2023 NBA Finals: The Heat’s Winning Identity? Whatever They Need

2023 NBA Finals: The Heat’s Winning Identity? Whatever They Need article feature image

(Photo by Nathaniel S. Butler/NBAE via Getty Images)

MIAMI — Think about the great NBA championship teams of all time. You can find enduring ways to define them.

Michael Jordan's mastery of the midrange and the Bulls' suffocating defense.

Magic Johnson's mastery of the uptempo and how the Lakers ran the floor.

The Celtics' passing and Larry Bird's tough shooting.

The triad Heat's skirmish defense and overwhelming athleticism.

The Warriors' speed and shooting, mixed with a switch-all, small-ball style.

If the Miami Heat do what was previously impossible and become the first No. 8 seed to win the NBA championship, what should be their enduring identity?

People will point to Jimmy Butler's unrelenting ability to get the tough bucket, but in truth, Butler has averaged less and less as the playoffs have advanced. There's a firm belief among those who cover the team that he's still very limited by the ankle injury he suffered in the first round.

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The real secret to Miami is its malleability.

The Heat aren't a chameleon. A chameleon, in an attempt to hide, looks like whatever surface is present.

The Heat don't look like a brick wall.

They become the brick wall.

They don't look like a fireball.

They are the fireball.

It's not camouflage. It's alchemy.

Miami doesn't have superstars to go to over and over. Bam Adebayo is a facilitator. He can hit the short roll shots — as he has in this series — run hand-offs — as he has in this series — and defend any player at an extremely high level (with the exception of Nikola Jokic, who no one can defend at this point in time).

Butler is closer to what people think of as a traditional superstar, but he doesn't see himself that way.

"I'm not a scorer," Butler told reporters Tuesday. "Just because I score a lot of points one game, that doesn't make [me] a scorer. I'm not a volume shooter. I don't do any of that. I don't press to score. I only press to win.

"If I pass the ball every possession, if we win, I don't care. If I shoot the ball every possession and we win, I don't care. This Playoff Jimmy narrative is not a thing. I just want to win, along with everybody else. I don't worry about too [many] other things aside from winning."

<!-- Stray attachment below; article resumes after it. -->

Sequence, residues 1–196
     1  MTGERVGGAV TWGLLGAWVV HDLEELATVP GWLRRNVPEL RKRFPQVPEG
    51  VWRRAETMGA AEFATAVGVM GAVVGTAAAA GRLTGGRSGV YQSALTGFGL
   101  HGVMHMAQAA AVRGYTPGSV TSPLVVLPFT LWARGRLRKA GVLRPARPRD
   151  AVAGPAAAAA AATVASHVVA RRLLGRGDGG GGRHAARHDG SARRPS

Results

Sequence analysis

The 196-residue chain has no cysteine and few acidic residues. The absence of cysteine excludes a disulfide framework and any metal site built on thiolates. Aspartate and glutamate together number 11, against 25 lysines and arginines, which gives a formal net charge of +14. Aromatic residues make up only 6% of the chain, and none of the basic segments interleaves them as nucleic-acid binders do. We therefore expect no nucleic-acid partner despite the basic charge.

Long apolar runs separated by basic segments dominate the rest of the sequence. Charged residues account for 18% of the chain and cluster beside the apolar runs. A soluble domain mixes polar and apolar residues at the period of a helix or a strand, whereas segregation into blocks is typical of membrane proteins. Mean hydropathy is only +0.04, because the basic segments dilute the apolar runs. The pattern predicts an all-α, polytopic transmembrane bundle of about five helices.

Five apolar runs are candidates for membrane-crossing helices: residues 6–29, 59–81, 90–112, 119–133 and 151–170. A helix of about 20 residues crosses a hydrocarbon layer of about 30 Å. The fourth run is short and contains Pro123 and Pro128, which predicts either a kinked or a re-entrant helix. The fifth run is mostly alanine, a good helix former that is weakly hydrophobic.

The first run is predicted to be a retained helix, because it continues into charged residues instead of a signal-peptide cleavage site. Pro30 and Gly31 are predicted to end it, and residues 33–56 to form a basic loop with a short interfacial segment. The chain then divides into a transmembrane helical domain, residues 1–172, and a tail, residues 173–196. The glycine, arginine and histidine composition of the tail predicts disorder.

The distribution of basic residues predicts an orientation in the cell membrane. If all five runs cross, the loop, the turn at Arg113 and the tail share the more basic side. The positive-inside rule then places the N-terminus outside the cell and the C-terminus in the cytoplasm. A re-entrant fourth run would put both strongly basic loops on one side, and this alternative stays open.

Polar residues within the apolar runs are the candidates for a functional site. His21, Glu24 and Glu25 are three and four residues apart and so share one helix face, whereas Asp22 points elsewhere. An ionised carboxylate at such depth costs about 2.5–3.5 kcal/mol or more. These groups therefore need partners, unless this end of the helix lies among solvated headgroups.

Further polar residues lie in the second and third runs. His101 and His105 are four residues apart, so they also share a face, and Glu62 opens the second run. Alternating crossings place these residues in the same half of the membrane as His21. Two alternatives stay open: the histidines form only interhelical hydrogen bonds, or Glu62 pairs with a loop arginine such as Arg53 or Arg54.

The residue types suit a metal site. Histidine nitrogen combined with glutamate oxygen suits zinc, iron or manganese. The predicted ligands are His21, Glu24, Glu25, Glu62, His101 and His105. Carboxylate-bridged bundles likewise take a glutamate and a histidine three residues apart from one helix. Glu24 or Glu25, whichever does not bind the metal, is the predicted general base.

When the Heat have needed to hit 3s at what is, objectively speaking, an unsustainable rate, they have. They shot 45% vs. Milwaukee and 43% vs. the Celtics. In Game 2 vs. the Nuggets, Miami shot 49% from deep in a game it won by three points.

When the Heat have needed elite defense, they've found it, like they did vs. the Knicks, who had the second-best offense this season.

It's not just series-to-series, either. It's in-game.

The Heat have adapted not to just what the game requires, but to what will give them an edge.

Miami will attack in pick-and-roll one quarter, then in ISO in another. They have used their zone defense very selectively vs. the Nuggets, springing it on Denver in the fourth quarter to disrupt the Nuggets.

Most teams have an identity they want to maintain. The Heat's identity is whatever the situation calls for. How do you prepare to play like that?

"82 games (in the regular season)," Heat guard Max Strus said Tuesday. "We have run every defense. We have run every scheme. [Erik Spoelstra] does a great job preparing us all year to be ready for situations like this, to be able to switch in a timeout, switch a scheme, switch a defense. We have run every single defense with every single lineup this entire season.

"So, it's nothing new to any of us, and we are ready to be plugged in at any point."

Miami has played in a record number of clutch games this season. The Heat have needed to win small over and over. Guard Gabe Vincent credits that with having helped the Heat get to this point.

"We have had a number of close games this season," Vincent said. "Probably [more] than we would have liked, but they helped us prepare for moments like that, when we need to adjust on the fly or, you know, put in a wrinkle, and it's in a pressure situation.

"The more reps you have with that, the less, quote, unquote, pressure you feel, I think."

The conversations about "Heat Culture" are always through vagueness — some sort of undefinable element. While some of that may be true, it's in these performances that the Heat show their identity. They are so strong in their execution that they can solve whatever problem is in front of them, even as an out-talented No. 8 seed.

Miami is three wins away from the first title for a No. 8 seed in NBA history, not because of its identity, but because of its ability to shift into whatever the game demands.

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